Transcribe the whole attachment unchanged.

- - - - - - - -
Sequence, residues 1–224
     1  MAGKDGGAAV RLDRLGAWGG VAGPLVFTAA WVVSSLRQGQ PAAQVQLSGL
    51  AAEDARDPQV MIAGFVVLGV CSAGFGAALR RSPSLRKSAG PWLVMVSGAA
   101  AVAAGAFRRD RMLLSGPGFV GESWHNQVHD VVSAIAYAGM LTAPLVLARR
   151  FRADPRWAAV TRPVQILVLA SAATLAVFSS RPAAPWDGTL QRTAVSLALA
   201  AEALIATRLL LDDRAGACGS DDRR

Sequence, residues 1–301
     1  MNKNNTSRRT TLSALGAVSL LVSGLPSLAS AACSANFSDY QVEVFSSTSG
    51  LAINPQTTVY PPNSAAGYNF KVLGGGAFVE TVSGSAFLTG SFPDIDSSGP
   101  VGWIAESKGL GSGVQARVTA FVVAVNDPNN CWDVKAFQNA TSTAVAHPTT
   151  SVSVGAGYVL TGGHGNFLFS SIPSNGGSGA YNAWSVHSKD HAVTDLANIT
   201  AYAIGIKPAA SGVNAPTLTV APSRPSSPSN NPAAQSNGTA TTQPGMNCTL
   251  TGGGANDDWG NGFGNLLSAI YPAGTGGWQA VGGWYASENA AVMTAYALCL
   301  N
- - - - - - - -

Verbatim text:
Sequence, residues 1–224
     1  MAGKDGGAAV RLDRLGAWGG VAGPLVFTAA WVVSSLRQGQ PAAQVQLSGL
    51  AAEDARDPQV MIAGFVVLGV CSAGFGAALR RSPSLRKSAG PWLVMVSGAA
   101  AVAAGAFRRD RMLLSGPGFV GESWHNQVHD VVSAIAYAGM LTAPLVLARR
   151  FRADPRWAAV TRPVQILVLA SAATLAVFSS RPAAPWDGTL QRTAVSLALA
   201  AEALIATRLL LDDRAGACGS DDRR

Sequence, residues 1–301
     1  MNKNNTSRRT TLSALGAVSL LVSGLPSLAS AACSANFSDY QVEVFSSTSG
    51  LAINPQTTVY PPNSAAGYNF KVLGGGAFVE TVSGSAFLTG SFPDIDSSGP
   101  VGWIAESKGL GSGVQARVTA FVVAVNDPNN CWDVKAFQNA TSTAVAHPTT
   151  SVSVGAGYVL TGGHGNFLFS SIPSNGGSGA YNAWSVHSKD HAVTDLANIT
   201  AYAIGIKPAA SGVNAPTLTV APSRPSSPSN NPAAQSNGTA TTQPGMNCTL
   251  TGGGANDDWG NGFGNLLSAI YPAGTGGWQA VGGWYASENA AVMTAYALCL
   301  N